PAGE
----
The source of radiant energies 17 may take any desirable form and is shown in FIGS. 1 and 2 as an elongated tubular filament or incandescent lamp. Preferably, the lamp may be of the high intensity quartz-iodine lamps presently on the market. It should be appreciated that any other source of radiant energies may be provided such as an arc lamp or a pulsed xenon arc lamp. Further, instead of a line source of radiant energy as would be provided by an elongated tubular quartz-iodine lamp, a lamp providing a point source of radiant energy could be employed.
The reflector 19 may be mounted within the conical housing 20 adjacent to the inlet end 16a of the fiber optic bundle 16. This reflector includes a transparent carrier 27 having a coating 28 on one side thereof, and in this instance on the side facing the source of radiant energy 17. The coating 28 may be of a type like that of the coating 22 but for reflecting the infrared radiant energies that are emitted from the source of radiant energy 17 but not transmitted through the reflector 18. Thus the coating would transmit all radiant energies except the infrared radiant energies or those energies having heat therein. Further, the coating 28 would be compatible with the coating 22 to provide a color corrected light at the inlet end 16a of the fiber optic bundle. While the reflector 19 is shown in position just ahead of the inlet end 16a of the fiber optic bundle, it should be appreciated that it could be placed anywhere in the light column in order to act as a heat barrier and block the transmission of infrared radiant energies to the inlet end of the fiber optic bundle. Further, the surface of the reflector 19 adjacent the inlet end of the fiber optic bundle could be diffused or prismatic to concentrate the light energy into the inlet end 16a of the fiber optic bundle.
The fiber optic bundle 16 may be of any type presently marketed by several manufacturers which is capable of transmitting light or visible radiant energies. For example, the fiber optic bundle 16 would include a multiplicity of flexible fibers 29 made of transparent material and enclosed within a flexible sheath 30. The sheath may be of any suitable material. The term fiber is to be interpreted as including all light-conducting elements that are relatively long and small in cross-sectional area regardless of their cross-sectional configurations. Further, the bundle of fibers 29 may be arranged to have a round cross section in the sheath 30 as shown in FIG. 5 or they may be arranged to have a rectangular cross section. The fibers may be coated or uncoated and formed of glass, plastic or any other suitable material. For transmission of light energies, the bundle of optical fibers 29 need not be oriented and therefore may be referred to as an incoherent bundle, but where it is necessary to transmit an image of an object for viewing purposes, it is necessary that the fibers be oriented, this being defined as a coherent bundle. The inlet and outlet ends of the bundle of fibers are preferably ground and polished, although they may not need to be where the present invention is only concerned with the transmission of light energies.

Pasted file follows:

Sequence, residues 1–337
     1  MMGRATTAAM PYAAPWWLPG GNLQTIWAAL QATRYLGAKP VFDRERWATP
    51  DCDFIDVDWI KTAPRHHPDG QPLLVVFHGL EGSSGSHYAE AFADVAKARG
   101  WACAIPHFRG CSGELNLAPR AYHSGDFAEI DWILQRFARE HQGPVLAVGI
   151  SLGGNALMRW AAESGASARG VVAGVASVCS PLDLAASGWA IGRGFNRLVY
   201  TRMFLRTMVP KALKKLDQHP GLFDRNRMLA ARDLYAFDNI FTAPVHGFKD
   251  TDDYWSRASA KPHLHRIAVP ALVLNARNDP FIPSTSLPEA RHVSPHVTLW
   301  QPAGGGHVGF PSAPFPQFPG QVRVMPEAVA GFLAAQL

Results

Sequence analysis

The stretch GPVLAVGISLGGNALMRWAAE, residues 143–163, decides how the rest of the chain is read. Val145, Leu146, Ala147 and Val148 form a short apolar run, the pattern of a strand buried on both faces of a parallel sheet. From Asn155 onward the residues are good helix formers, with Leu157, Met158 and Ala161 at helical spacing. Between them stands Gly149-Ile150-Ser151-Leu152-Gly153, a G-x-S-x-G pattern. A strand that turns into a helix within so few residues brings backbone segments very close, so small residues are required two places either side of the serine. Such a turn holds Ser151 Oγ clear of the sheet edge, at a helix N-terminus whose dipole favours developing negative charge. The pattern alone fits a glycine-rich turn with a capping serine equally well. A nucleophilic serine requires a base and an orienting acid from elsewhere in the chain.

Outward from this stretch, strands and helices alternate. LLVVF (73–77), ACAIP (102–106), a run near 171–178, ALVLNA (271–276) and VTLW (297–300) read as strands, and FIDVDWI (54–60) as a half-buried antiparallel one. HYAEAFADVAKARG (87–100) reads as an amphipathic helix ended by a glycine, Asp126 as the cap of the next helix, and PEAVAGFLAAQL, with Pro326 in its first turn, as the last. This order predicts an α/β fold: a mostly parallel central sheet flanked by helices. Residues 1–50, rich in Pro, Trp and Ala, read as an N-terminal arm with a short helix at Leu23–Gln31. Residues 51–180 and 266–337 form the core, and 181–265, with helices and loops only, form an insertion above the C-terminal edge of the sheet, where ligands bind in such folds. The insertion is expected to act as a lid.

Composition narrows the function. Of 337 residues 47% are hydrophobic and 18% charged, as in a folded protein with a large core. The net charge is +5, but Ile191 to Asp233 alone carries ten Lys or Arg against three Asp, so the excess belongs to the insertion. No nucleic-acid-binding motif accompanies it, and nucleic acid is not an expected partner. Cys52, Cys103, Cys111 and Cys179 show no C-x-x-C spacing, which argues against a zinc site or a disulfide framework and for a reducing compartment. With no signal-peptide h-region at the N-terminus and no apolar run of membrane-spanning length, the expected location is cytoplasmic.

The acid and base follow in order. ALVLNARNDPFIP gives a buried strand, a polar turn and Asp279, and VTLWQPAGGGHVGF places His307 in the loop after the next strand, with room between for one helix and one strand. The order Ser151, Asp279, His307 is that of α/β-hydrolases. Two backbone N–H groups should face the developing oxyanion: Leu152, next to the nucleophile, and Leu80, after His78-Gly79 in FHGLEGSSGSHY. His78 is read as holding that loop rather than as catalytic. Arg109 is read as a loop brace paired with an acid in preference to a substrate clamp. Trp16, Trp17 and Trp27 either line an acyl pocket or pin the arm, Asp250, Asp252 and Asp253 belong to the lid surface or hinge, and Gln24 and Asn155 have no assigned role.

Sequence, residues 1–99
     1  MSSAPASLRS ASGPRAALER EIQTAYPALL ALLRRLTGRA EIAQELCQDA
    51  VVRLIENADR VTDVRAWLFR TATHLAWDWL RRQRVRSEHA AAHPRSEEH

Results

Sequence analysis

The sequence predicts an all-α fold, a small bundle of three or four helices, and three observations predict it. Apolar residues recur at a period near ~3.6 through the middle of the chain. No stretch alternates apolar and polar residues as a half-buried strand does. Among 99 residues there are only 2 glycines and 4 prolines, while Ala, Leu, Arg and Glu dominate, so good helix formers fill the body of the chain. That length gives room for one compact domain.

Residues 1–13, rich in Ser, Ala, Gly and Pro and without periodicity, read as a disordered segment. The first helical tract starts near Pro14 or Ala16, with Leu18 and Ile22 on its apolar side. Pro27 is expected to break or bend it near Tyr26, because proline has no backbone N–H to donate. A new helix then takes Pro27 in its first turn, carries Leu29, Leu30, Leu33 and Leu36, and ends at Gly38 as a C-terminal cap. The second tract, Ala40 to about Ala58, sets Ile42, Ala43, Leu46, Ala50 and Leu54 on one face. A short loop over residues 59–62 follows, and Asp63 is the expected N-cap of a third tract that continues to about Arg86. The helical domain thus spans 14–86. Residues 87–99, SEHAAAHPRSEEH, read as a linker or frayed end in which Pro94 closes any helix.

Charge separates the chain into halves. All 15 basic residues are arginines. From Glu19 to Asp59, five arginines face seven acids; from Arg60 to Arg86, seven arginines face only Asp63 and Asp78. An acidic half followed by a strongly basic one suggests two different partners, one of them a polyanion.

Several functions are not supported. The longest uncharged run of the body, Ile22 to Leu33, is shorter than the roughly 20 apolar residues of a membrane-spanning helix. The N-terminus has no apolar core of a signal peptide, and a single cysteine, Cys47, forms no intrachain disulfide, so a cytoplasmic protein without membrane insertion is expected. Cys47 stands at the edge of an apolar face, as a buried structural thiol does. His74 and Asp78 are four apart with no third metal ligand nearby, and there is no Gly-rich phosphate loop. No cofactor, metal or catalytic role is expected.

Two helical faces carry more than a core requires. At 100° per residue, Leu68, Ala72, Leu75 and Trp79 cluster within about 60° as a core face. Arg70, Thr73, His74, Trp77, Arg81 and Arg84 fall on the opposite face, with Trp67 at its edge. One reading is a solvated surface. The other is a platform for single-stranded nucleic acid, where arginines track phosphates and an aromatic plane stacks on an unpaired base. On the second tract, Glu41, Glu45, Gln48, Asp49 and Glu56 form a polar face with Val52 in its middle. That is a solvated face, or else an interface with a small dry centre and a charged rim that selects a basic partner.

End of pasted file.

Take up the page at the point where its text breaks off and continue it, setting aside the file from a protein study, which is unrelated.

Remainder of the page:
Referring to the embodiment of FIG. 4, the inlet end 16a of the fiber optic bundle 16 is provided with a coating 31 capable of reflecting the infrared radiant energies and transmitting all other radiant energies. Thus, where this embodiment is employed, the reflector 19 in the embodiment of FIG. 1 may be omitted.
Another modification is shown in FIG. 5 which may be employed in place of the modification of FIG. 4, wherein a reflector 32 of a type similar to reflector 19 is fitted into the tip 33 of the fiber optic bundle 16. This reflector like that of the reflector 19 includes a transparent carrier 34 and a coating 35 of the same type as the coatings 28 and 31.
Referring now to FIG. 6, another embodiment of the invention is shown which includes a wraparound reflector unit 36 that is capable of removing the infrared and color correcting the visible radiant energies while at the same time concentrating the visible radiant energies on the inlet end of the fiber optic bundle 16. This reflector unit includes trough-shaped quarter-segments 37, 38 and 39 and a quarter-segment 40 of optic design. Each of the quarter-segments 37, 38 and 39 includes a transparent carrier 41 having a coating 42, preferably on the side facing the source of radiant energy 17, which coating is capable of reflecting selective wavelengths of visible radiant energies and transmitting infrared radiant energies. The quarter-segment 40 includes a transparent carrier 43 of optical design to concentrate the visible radiant energies reflected from the quarter-segments 37, 38 and 39 and emitted from the source of radiant energy 17 at the inlet end 16a of the fiber optic bundle 16. The surface of the quarter-segment 40 adjacent the source of radiant energy 17 is provided with a coating 44 capable of reflecting the infrared radiant energies and transmitting all other radiant energies. Thus, the visible radiant energies discharged from the reflector unit 36 are essentially free of the infrared radiant energies so as to provide a cool light at the inlet end 16a of the fiber optic bundle. It should be appreciated that the coating 44 would be compatible with the coating 42 on the segments 37, 38 and 39, and that the coatings would produce the visible radiant energies of the selective wavelengths desired.